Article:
Why the Rhetoric of Infestation is Dangerous

Tweeting this morning about immigrants who “pour into and infest our Country,” President Trump crossed an alarming line. He has denigrated foreigners many times before, calling them animals or “the worst of the worst,” but the language of infestation has a special, malevolent power.

It signals a shift from expressing contempt for other human beings, to describing them as dangerous or harmful. This move is all too easy to find in the language of other leaders from many countries, during the years before they presided over mass violence. Nazi rhetoric is one of the most well-documented examples. Pointing out rhetorical similarities is not to suggest that President Trump is like Hitler, nor even a Nazi. It is simply to say that such language can lower the psychological and moral barriers that normally stop people from condoning violence. Such messages are meant to persuade people that they must defend themselves against an existential threat.

Not surprisingly, the language we call Dangerous Speech often compares people to infestations:  vermin, locusts, bacteria, or cancer. These metaphors produce powerful sensations of revulsion and, most importantly, fear. For inspiring violence, fear is more powerful than hatred or even contempt. As Steven Perry explains in an illuminating scholarly article on the infestation metaphor in Hitler’s rhetoric, “Though there was unquestionably a very real current of anti-semitism in central Europe at the time of National Socialism’s rise, the Jews nonetheless were not popularly perceived as enemies of the German nation. Hitler had to shape and channel popular anti-semitism; particularly, he had to explain how it was that the heretofore scorned Jew was actually a dangerous and foreign threat to the very foundations of the German nation.”

President Trump has depicted foreigners as dangerous threats to Americans and to ‘our Country,’ as he tweeted today, before. Since his campaign rallies in 2016, for instance, he has been reading the poem “The Snake” to rapt audiences. The poem describes a ‘tender hearted woman’ who takes in a half-frozen snake and cares for it, until it attacks her with a lethal, venomous bite. “You silly woman,” replies the animal, “you knew damn well I was a snake before you took me in.” To drive home his message – that foreigners pose a severe threat to Americans and that Americans who treat them with kindness will suffer for their naïveté  – Trump precedes his readings with attacks on immigrants, and follows them with remarks like, “I hope that doesn’t happen here.”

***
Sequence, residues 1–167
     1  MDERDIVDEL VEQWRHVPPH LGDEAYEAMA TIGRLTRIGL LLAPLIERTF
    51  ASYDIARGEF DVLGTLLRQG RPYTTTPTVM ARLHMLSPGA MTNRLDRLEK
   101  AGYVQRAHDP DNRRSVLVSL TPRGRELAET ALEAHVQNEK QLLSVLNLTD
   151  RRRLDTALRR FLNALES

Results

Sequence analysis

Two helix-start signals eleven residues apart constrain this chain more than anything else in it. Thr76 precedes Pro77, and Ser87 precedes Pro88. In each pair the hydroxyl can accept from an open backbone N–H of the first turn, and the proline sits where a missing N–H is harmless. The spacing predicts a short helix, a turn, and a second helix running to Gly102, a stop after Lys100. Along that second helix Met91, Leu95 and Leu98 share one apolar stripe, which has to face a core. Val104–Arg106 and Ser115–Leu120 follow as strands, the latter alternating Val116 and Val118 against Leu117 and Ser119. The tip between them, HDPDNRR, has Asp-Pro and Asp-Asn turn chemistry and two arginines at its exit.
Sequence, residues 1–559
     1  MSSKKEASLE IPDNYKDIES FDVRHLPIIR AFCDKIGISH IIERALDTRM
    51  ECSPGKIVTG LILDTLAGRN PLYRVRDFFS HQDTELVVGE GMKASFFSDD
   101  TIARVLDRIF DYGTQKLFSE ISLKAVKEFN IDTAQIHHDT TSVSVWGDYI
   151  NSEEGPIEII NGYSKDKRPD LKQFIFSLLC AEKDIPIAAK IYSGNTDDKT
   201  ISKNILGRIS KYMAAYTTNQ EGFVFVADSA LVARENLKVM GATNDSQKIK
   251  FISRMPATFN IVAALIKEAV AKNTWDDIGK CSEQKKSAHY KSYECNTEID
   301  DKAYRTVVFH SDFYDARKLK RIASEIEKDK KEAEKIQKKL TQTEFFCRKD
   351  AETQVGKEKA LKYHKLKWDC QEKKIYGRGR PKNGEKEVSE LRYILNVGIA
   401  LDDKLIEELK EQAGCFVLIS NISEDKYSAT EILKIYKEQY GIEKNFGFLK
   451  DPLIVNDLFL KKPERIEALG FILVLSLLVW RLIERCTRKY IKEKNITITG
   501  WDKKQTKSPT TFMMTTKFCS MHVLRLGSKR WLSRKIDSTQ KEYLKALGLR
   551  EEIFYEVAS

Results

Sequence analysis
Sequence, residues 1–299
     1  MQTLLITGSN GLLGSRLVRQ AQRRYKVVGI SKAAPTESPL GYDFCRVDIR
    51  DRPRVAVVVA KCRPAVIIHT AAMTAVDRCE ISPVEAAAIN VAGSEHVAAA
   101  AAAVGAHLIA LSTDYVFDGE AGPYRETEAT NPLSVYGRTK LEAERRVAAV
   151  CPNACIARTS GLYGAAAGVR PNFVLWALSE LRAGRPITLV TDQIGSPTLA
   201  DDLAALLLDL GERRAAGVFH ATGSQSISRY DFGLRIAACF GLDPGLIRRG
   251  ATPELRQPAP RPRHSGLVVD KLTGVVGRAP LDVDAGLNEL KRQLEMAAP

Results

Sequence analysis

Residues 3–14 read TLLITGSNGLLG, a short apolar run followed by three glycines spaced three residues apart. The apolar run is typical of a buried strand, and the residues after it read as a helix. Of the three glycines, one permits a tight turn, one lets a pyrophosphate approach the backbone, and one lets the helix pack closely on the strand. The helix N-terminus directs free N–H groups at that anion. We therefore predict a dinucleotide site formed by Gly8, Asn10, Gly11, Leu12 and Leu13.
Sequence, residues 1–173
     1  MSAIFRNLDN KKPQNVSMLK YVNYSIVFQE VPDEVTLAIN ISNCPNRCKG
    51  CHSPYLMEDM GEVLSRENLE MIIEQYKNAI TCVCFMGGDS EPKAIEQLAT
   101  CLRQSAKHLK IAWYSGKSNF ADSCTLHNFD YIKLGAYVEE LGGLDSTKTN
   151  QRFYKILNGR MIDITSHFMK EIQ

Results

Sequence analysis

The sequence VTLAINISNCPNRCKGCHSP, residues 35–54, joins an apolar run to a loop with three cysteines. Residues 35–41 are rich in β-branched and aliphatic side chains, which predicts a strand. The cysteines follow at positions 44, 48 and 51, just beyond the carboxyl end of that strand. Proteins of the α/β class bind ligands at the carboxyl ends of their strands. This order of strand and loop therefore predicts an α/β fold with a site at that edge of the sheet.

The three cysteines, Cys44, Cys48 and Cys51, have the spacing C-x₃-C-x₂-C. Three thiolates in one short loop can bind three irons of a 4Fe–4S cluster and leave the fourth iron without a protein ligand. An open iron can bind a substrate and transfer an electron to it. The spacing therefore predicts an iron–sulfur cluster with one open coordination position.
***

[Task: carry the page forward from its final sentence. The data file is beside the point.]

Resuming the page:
What is happening here, at present, is exceptionally cruel treatment of foreigners, especially children, at the hands of the U.S. Government. The president attempts to justify this by painting foreigners as dangerous, and by describing Americans who are sympathetic to them as foolish or worse. Though his messages may be meant as a political weapon – to protect himself and attack his political  enemies – it may have much more serious consequences. Just as his fellow Republicans have begun to repudiate the separation of children from their parents at the U.S.-Mexico border, they must also decry the comparison of human beings to an infestation.